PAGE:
What Will Life Look Like in 100 Years?

One of my favorite attractions at Disney World in Orlando is the Carousel of Progress. Appropriately enough, this was an entry from GE at the World’s Fair some time ago. The premise is that you sit and watch five different animatronics “plays,” where the main character talks about how great the technology in his life is and can’t understand how things could get better. But they always do.

For instance, one of the plays talks about how he has an icebox, and now he no longer has to get ice every day, or indoor plumbing, or electric lights. It’s funny, but we all do that. Living in 2014, there are so many things we look at, and we can’t imagine how our lives could get better.

When I was a kid playing Atari®, it was the best thing. Now, my kids play Xbox® with graphics that are so lifelike. The video camera I bought in 2004 was state of the art. Fast-forward and it seems so big and heavy compared to the models we have today. I love my iPad®. How long until that goes the way of the Sony® Walkman?

Innovation is with us all the time and continually makes our lives better. Some of the things on the horizon like driverless cars and space travel seem so science fiction; however, we have companies like Google and Virgin Space looking at those items now. I’m sure we are all looking at these ideas as crazy just as those around the last turn of the century looked at the automobile as a replacement for the horse and buggy. Outrageous–it will never happen. It will, but the question is when.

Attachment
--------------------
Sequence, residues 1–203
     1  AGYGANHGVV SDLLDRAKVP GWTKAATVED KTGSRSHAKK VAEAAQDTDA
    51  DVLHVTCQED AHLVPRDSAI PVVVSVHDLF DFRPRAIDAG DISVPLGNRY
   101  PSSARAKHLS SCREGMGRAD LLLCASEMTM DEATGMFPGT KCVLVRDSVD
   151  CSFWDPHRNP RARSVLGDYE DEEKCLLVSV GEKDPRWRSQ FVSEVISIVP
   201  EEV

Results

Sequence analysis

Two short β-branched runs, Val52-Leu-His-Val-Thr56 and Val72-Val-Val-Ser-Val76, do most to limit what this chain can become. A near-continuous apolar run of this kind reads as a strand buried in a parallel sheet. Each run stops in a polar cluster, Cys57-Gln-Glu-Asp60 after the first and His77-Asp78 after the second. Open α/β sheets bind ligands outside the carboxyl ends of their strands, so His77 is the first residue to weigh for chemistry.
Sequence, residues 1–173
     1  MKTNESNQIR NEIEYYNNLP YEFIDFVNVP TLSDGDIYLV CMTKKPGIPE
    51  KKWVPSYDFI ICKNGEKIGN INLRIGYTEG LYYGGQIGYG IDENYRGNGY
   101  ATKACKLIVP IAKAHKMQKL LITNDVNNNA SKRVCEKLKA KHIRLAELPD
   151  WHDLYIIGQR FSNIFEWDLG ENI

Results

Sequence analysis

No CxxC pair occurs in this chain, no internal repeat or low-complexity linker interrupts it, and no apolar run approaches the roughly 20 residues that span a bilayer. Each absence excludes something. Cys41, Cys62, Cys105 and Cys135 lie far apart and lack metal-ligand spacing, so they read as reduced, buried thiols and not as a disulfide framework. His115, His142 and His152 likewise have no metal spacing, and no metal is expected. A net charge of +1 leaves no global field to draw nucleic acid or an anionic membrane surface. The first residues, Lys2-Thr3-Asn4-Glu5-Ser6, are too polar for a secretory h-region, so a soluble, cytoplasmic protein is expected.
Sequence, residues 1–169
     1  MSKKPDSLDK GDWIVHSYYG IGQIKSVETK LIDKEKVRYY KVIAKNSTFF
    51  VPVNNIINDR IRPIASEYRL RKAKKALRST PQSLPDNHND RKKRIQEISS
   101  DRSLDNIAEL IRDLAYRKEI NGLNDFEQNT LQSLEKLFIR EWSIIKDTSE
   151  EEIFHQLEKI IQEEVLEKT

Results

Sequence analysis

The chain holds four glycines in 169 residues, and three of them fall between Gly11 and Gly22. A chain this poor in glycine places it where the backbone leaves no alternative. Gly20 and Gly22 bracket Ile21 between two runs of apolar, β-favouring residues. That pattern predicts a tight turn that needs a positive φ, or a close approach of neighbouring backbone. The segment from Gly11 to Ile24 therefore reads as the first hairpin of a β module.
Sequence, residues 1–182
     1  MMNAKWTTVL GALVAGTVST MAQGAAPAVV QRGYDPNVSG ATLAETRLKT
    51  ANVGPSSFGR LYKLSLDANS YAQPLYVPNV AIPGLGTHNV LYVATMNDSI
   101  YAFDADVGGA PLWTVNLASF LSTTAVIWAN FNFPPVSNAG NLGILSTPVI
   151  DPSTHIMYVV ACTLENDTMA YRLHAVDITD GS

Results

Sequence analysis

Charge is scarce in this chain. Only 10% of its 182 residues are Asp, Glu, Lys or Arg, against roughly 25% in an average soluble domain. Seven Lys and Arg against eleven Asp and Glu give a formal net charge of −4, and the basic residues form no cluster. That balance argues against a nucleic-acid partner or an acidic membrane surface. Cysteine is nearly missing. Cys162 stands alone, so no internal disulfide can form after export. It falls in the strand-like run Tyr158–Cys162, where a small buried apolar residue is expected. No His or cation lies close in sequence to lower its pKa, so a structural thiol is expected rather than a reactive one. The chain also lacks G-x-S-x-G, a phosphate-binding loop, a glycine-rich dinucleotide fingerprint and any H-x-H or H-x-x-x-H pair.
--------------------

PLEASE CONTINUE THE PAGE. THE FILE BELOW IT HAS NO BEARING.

Google_Glass_Explorer_EditionThis week, I had the opportunity to try Google Glass for the first time. These clunky, very expensive items are very cool and have a ways to go. But what possibilities there are! Imagine walking up to a machine in a plant and seeing all the health information about that machine…or seeing a video of how to do the maintenance. As you face a different machine, the information comes up for that. Wow! So many possibilities…

What will life look like in 100 years? I find myself telling my kids how lucky they are with the technology they have today. In my day, we didn’t have anything close to this. Although at the time, I thought it was the best. I can’t imagine what my kids will tell their kids someday about how life is better. And I’m sure it will be astounding.

Paul Adams

Paul has spent more than 20 years in manufacturing with GE’s Intelligent Platforms business, focusing on product development. His deep industry experience comes from countless calls, meetings and visits to manufacturers around the globe to help solve their business challenges. Today, he works in Global Professional Services, which allows him to continue working with GE’s manufacturing customers at a more downstream function. Wonder what challenges he’s helping manufacturers solve today? Connect with Paul on LinkedIn.

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